Most days, Charles Garratt is the only person in the Bath County registrar’s office, processing voter registration applications, making sure all the technology is up to date and training other people.
“Back in the days of paper ballots and wooden boxes, there was less to do,” he said. “Now the job is highly technical.”
General registrars get raises when other state employees do, but the position is still tied to a pay scale determined by population that hasn’t changed in decades.
The Voter Registrars Association of Virginia said the pay model for registrars hasn’t changed since 1976, when there were fewer election laws on the books. Since then, responsibilities of registrars in state code have multiplied, the association found.
Registrars’ duties include assisting candidates; voter registration; absentee voting; making sure polling places are created and staffed; assigning voters during regular and other redistricting cycles; and election security.
The state reimburses municipalities for salaries of certain local positions like the general registrar and constitutional officers. Localities have the option to add more to the salary and must offer those positions the same benefits as other employees.
The state determines those salaries by population, and the first pay tier for registrars is tens of thousands of dollars less than treasurers, clerks of court and finance directors like commissioners of revenue and treasurers.
Registrars in Virginia are promised a base pay that ranges from $46,468 a year up to $90,525 a year in localities with more than 200,000 people. That cutoff means only about a dozen localities in the state qualify to pay their registrars the highest state salary.
In localities with 150,000 to 200,000 people, the salary for registrars drops to $68,491 a year.
In this year’s budget, lawmakers approved a 2 percent state employee pay raise that applies to registrars as well as an additional 3 percent raise only for registrars, which will cost the state $139,611.
There was also language in the budget that will require a comparison of registrar salaries to that of constitutional officers, which include sheriffs, local treasurers and commissioners of revenue.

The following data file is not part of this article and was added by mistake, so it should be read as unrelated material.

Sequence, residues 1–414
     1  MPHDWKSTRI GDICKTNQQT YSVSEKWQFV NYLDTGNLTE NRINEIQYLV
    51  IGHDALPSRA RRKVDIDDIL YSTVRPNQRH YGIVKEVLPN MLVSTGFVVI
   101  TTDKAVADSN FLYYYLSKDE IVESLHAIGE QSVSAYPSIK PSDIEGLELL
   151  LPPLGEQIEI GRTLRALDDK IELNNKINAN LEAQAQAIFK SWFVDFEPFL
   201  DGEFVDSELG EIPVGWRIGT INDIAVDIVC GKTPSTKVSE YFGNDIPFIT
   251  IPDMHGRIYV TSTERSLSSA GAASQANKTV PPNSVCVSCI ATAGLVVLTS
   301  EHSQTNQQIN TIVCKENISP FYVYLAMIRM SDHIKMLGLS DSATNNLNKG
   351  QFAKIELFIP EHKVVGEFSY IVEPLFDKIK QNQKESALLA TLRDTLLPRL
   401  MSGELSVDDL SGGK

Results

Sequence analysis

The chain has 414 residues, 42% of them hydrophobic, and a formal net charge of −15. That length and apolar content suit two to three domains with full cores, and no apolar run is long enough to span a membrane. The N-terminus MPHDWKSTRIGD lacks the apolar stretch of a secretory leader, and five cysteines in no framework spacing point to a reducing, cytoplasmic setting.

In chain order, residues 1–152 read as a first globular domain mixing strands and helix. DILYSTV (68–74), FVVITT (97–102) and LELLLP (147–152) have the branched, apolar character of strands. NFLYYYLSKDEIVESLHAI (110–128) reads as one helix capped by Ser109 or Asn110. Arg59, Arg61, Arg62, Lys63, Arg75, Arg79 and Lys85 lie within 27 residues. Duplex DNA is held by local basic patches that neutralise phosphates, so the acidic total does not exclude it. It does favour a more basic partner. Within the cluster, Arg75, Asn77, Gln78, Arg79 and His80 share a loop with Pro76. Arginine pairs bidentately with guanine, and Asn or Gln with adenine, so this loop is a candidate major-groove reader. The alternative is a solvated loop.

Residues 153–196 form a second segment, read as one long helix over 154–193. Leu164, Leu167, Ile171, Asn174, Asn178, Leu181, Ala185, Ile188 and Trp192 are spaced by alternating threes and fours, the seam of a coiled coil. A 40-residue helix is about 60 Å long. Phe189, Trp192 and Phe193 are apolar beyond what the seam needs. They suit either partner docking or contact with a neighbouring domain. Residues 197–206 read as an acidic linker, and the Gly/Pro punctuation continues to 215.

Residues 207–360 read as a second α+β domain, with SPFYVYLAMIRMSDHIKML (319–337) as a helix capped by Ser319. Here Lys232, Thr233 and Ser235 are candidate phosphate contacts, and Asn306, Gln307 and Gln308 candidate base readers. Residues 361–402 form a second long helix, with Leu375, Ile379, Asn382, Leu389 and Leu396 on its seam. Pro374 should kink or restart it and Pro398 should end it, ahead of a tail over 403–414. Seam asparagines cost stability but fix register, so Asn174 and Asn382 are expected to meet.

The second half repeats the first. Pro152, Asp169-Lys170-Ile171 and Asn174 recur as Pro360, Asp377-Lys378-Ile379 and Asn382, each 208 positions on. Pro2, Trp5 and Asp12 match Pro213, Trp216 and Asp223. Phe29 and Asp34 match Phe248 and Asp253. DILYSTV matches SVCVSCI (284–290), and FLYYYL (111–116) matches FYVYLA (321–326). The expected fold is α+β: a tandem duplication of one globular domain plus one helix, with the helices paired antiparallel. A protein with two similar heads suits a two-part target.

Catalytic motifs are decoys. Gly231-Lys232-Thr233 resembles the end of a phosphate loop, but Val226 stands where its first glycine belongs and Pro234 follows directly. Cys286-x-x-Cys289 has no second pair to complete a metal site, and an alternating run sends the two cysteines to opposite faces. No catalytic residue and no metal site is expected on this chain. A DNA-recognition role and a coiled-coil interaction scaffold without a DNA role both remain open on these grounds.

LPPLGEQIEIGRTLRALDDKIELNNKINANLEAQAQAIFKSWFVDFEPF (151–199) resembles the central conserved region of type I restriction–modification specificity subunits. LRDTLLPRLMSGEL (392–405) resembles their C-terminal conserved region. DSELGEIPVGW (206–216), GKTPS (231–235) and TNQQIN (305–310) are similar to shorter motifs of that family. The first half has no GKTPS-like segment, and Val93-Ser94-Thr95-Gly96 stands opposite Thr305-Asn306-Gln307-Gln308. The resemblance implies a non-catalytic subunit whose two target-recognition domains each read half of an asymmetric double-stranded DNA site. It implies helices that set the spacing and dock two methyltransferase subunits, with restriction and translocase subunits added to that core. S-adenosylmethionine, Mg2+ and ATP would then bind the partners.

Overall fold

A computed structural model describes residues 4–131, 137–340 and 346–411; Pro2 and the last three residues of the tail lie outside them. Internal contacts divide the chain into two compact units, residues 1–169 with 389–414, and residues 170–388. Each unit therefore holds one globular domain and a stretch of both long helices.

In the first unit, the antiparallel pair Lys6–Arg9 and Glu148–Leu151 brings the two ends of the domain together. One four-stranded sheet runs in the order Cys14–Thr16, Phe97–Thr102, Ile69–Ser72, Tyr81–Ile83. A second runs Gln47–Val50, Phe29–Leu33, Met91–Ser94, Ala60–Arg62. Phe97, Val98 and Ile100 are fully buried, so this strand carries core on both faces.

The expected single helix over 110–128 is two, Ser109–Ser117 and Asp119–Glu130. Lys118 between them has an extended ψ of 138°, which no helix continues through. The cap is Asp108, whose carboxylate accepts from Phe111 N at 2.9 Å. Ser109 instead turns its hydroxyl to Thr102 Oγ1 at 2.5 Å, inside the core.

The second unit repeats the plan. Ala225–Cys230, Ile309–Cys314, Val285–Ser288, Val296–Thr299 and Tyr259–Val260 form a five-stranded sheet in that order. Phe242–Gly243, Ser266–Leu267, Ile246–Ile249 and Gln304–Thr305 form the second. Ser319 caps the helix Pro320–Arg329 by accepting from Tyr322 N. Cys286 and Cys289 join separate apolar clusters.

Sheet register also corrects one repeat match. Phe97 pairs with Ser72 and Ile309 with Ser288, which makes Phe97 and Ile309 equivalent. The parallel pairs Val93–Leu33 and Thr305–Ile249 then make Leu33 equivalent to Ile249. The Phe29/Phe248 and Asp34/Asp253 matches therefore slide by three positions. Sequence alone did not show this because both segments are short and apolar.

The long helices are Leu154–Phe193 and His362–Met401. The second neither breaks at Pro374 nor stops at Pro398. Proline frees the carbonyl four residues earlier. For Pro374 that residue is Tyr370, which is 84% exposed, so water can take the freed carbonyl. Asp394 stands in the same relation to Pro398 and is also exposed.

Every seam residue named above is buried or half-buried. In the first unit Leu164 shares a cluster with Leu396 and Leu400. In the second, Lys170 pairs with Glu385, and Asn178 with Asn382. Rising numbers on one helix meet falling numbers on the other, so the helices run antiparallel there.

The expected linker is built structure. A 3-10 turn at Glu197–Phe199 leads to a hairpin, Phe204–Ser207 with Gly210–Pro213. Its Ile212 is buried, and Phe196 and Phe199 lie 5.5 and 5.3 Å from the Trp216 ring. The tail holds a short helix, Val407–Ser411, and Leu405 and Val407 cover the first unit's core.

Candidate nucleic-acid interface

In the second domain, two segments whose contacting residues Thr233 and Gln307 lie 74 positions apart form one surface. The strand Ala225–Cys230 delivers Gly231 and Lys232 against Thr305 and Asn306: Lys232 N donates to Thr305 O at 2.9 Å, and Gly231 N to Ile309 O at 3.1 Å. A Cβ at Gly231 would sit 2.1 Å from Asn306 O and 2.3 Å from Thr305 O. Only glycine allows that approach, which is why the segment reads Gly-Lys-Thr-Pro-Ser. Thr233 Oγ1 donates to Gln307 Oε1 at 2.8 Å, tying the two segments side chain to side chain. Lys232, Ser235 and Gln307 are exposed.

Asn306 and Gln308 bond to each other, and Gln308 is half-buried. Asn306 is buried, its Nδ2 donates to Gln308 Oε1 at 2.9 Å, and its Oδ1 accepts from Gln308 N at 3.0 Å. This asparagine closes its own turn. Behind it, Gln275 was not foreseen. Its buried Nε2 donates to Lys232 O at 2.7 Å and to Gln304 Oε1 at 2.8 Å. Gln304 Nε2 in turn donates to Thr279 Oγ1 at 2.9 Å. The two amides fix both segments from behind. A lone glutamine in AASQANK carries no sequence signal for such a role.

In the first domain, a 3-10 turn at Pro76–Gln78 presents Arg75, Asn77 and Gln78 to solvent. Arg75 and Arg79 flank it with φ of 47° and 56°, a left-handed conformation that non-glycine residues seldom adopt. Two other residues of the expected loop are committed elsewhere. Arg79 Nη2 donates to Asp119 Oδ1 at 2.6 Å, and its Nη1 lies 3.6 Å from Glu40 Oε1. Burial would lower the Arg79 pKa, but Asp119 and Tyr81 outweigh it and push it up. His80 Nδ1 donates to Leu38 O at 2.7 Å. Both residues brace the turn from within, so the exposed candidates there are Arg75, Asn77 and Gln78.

“While the money is nice and will have a direct long-term impact for me, it’s getting the conversation to the point where all the communities in Virginia can attract young professionals who make this a professional career,” said Garratt, who will retire soon.
The Joint Legislative and Review Commission studied general registrar salaries in 1991 and found registrars’ work wasn’t similar to constitutional officers, though a survey distributed to registrars at the time showed that the registrars themselves felt the job was similar.
The JLARC study said, instead, that registrars were similar to other state jobs that primarily dealt with record-keeping.
That’s no longer the case, said Garratt, whose predecessor’s primary job was processing voter registration paperwork with a typewriter.
“For so long, the people in the local communities — the electoral boards, the registrars and the staff — have made the system work no matter what,” Garratt said. “It would be hard for me to just sit down and list everything that has to be done and when it has to be done.”
Several lawmakers put in budget amendments this year to provide more money for general registrars, including Sens. Jill Vogel, R-Fauquier, Adam Ebbin, D-Alexandria, Rosalyn Dance, D-Petersburg, John Edwards, D-Roanoke, and Monty Mason, D-Williamsburg.
All the senators estimated it would be a $3.5 million task, except Vogel, whose amendment is for $2.5 million to bring registrars in line with treasurer pay.
On the House side, delegates Elizabeth Guzman, D-Woodbridge, and Steve Heretick, D-Portsmouth, both put in $3.5 million amendments to pay registrars the same amount as treasurers.
None of those amendments were included in the final budget.